Preparing the Soil for a Greener Hastings
By Merlin Betts
Hastings now has a commitment to become a garden town. Or, at least, one of the seven programmes making up the £24.4million Town Deal aims to make Castle Ward a Garden Town. The Town Centre Public Realm and Green Connections programme, piloted by community powerhouse Transition Town Hastings (TTH), is hailed as a “central system” complementing all other projects in the green-orientated Town Deal. The Deal’s funding focus is on regeneration and developing a “new sustainable future for the town centre”, in other words for Castle Ward.
The Town Centre Public Realm and Green Connections programme, referred to hereafter as ‘Hastings Garden Town’, is inspired by Sheffield’s Gray to Green scheme, which has seen tarmac torn up and replaced with plant life. The Sheffield scheme was implemented partly as a flood defence and partly to reconnect severed and ignored parts of town, which have been seeing investment and development following the early phases of Gray to Green. Hastings Garden Town aspires to follow suit and re-envision Havelock Road as a flood-proofing and bountiful garden. The project is partially led by Fergus Garrett, gardener at the famously biodiverse Great Dixter House and Gardens, who will underpin its approach to creative ecology. This means encouraging the presence of bees, bugs and butterflies that would normally not be seen in a busy urban environment. Hastings garden town additionally plans to improve pedestrian and cycling infrastructure, promoting more sustainable means of travel for visitors and residents alike.
Hastings Band of Brothers fill planters with soil alongside Julia Hilton and Sherry Clark
TTH has substantial grounding in green community work and encouraging volunteer participation, being responsible for the community garden and wildflower path at Warrior Square station and a series of community composting hubs – amongst various other co-operations and initiatives. In May, they also began ‘Gardening Our Streets’, a community-led scheme to plant and tend a selection of pop-up ‘parklets’ giving the town a hint of how more plant life will positively impact its sometimes drab and dire streets. This effort is partly a proof of concept for the Garden Town. On the 19 and 21 May, Gardening Our Streets volunteers filled and placed 16 oak planters built by local company Old Wood Works. The planters are wheeled – readily manoeuvrable if a little cumbersome – and have specialised watering systems, making them well-suited to the usually problematic conditions of paved and tarmacked streets. The plants inhabiting them are hardy seaside varieties accustomed to wind and hard wear.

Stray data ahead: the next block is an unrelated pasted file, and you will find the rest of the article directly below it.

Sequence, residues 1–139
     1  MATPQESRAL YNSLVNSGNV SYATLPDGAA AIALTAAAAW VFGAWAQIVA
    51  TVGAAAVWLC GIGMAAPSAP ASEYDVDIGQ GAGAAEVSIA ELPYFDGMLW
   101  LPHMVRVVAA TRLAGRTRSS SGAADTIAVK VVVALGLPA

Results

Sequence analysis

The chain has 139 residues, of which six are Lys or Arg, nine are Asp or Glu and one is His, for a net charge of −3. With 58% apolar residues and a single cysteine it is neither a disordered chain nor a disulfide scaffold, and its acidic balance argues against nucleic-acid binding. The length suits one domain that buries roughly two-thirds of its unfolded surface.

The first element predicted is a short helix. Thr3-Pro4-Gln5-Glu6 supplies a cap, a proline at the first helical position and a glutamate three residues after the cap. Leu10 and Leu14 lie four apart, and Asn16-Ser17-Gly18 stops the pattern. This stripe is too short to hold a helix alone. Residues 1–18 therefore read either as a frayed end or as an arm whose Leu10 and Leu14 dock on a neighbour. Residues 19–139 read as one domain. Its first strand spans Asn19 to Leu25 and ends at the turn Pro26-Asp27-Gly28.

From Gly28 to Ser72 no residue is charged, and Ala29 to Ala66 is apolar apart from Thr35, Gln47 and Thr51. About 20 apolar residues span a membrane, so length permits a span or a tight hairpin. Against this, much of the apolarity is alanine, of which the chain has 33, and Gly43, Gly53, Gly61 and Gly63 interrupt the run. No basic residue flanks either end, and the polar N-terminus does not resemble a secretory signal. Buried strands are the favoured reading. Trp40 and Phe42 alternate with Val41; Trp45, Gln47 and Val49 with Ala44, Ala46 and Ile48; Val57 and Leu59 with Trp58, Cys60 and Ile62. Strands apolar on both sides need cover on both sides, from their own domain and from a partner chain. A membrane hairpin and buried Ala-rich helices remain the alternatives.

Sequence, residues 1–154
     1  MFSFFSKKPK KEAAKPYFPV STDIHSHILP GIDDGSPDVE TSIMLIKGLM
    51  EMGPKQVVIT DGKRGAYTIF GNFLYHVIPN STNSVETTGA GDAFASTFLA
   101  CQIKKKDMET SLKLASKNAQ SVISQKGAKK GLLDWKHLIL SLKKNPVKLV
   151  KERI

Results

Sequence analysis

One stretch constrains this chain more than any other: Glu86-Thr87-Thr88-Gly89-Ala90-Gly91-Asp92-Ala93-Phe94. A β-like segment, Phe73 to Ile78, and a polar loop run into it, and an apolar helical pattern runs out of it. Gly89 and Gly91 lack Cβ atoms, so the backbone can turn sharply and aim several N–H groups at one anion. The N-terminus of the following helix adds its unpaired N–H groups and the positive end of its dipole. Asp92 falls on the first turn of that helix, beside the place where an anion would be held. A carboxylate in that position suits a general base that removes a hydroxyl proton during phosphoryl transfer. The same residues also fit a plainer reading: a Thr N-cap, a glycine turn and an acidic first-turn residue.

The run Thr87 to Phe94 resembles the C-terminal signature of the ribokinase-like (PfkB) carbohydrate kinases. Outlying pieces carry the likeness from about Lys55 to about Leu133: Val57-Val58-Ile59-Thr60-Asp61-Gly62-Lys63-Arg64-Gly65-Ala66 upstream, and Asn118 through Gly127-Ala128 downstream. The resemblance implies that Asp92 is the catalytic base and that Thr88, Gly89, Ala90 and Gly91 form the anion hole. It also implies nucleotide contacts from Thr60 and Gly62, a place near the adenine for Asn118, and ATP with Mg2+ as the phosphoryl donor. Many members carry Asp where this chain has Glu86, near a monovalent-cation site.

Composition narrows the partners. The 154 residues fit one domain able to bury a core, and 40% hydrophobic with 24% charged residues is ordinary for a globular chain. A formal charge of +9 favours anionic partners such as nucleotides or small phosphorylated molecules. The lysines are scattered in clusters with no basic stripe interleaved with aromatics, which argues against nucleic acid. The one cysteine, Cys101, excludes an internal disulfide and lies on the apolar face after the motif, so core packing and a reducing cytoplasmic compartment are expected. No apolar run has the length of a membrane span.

A selection of the planters were temporarily arranged in an empty parking space outside the wonderful Stooge Coffee, creating an island of calm – a parklet – where the sound of the breeze drifting through leaves could take the edge off even the dizziest caffeine or sugar high. Volunteers and visitors came from The Common Room and all over the Trinity Triangle to appreciate the space and included, as you might expect, some of our new Green councillors such as council member for Castle Ward, Claire Carr. Now the same oak planters remain in the area, giving a small hint of what the future could be.
Gardening Our Streets is operating independently of the Town Deal, securing its own resources by co-operation with other local organisations, including Energise Sussex Coast, Hastings Commons, Groundwork South, Holy Trinity Hastings, A Band of Brothers, and the Rough Sleepers Initiative. It was initially funded by the Trinity Triangle/America Ground Heritage Action Zone and later additionally by the Making It Happen programme.
CREDIT: Julia Hilton
Apart from working with organisations, Gardening Our Streets is pioneering a ‘time-bank’ called We Dig Hastings. Time-banks are a simple and effective way of rewarding volunteers for their hard work. In We Dig Hastings’ case, every volunteer between May and September is given one time credit for every hour of their labour, which can then be redeemed with partners such as Stooge Coffee, the Common Room and Great Dixter House and Gardens. Time-credits are also transferable, so volunteers who don’t feel the need to be paid can still share the community love by gifting their credits to anyone else.
Unlike the flagship, signature project to make Hastings Castle a more popular tourist attraction, Hastings Garden Town aims to improve the quality of life throughout the town centre and keep people involved in the maintenance of their lived environment. Its thorough approach to community-led creativity would be readily applicable in other parts of Hastings, as we can see to some extent at Warrior Square station.
• To find out more, or even get involved, visit transitiontownhastings.org.uk or Thursday’s “Green Room” at the Common Room on Cambridge Road, just down from the Observer Building.
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